A comment on my recent anti-PDF screed (and I still hate 'em as they're designed around using paper) got me thinking. The question was, "Does anyone else find it amusing that a PDF topic has generated so many comments on a blog dedicated to outdoor fun & adventure? Are all outdoorsy people really just closet tech nerds?!?!"
I don't know about all outdoorsy people being tech nerds, but I am willing to bet a dual-layer DVD of my recent films that most of us are pretty into our tech, be it analog (cams, shoes, packs, tents) or digital. Most of my garage is devoted not to storing cars but more important stuff--gear. Most of my office is laden not with printed PDFs but with scanners, a dozen or so hard drives, two computers, a printer (which doesn't get much use), editing gear, cameras, GPS units, radio bits, etc. Who among us "outdoorsy" types doesn't have at least a half-dozen weather forecasts bookmarked? Plus various road condition reports, blogs, outdoor forums (for several sports), and of course five or six mailboxes devoted to upcoming trips? Plus various folders on our hard drives devoted to the same, and maybe a map program or four...
Paragliding is even worse than climbing; GPS programs, flight analysis software, digital aviation maps, etc. The truly nerdy paraglider or hang glider pilots will have a minimum of two GPS units plus two flight computers, which they fly with and then download and geek out for hours before uploading the tracks to various forums where other pilots geek out on tracks for hours... I'm sure I'm missing some stuff here but gear, be it analog or digital, is for sure a HUGE part of the outdoor game. The phrase "gear junkie" no longer applies to just outdoor gear from footwear (who among us doesn't have far more outdoor footwear than "dress" footwear?) to tents but also our digital bits.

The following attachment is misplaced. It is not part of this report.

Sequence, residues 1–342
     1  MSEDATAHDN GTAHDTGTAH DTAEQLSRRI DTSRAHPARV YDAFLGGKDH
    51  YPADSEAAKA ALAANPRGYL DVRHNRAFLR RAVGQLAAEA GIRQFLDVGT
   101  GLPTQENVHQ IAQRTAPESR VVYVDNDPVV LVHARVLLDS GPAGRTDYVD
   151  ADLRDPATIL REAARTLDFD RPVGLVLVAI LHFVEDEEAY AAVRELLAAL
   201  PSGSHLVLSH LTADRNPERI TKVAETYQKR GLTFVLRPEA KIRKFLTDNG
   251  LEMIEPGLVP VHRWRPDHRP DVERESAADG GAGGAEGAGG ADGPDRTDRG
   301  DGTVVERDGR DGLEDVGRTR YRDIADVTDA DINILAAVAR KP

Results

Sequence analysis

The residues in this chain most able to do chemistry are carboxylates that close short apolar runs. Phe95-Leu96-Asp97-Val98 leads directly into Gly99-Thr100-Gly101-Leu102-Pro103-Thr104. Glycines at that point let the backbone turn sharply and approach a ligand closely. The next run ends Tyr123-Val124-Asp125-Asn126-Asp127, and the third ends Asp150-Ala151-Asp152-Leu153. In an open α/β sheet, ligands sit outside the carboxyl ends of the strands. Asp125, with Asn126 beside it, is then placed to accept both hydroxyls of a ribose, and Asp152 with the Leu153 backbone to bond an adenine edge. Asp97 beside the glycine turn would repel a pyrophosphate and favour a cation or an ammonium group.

I also suspect there are a lot of "tech" types who are outdoor junkies of one kind or another. It's certainly true in paragliding, where the stereotypical pilot is an IT guy living in a major west-coast city. Some of the responses to my, "F the PDF" post were very solid from a tech perspective (as well as grammar, sorry about that, this stuff gets written straight off the top of my head--which is likely obvious to anyone who works with words professionally). There are likely still outdoorsy people who don't spend a good chunk of each day in front of a monitor, but they're not the sort likely to post comments on a blog.
So get your tech on, yeah!
PS--someone just emailed me to explain that PDF really stands for, "Print this Damn thing and Fax back." Yep, PDFs sure are great for two-way communication in the digital age. I think I'm going to set my email up to just flat-our reject any email with a .pdf attachment along with a message that says, "You recently sent me a PDF. This shows that you really don't want a response from me, nor do you want me to be able to actually work with the data. I'm going to save us both some hassle and just ignore it."
PPS--my travel agent just sent me an itinerary in, yep, PDF format. It's a five-page document that's near-useless, although it has very nice proportions and scales well (full sarcasm). This isn't two-way communication, but it also doesn't work as I can't drop the info into my calendar, phone, etc. I think I was sort of used to the hassle of PDFs before but all this discussion has made me realize just exactly how retro and bass-ackwards they are for just about anything.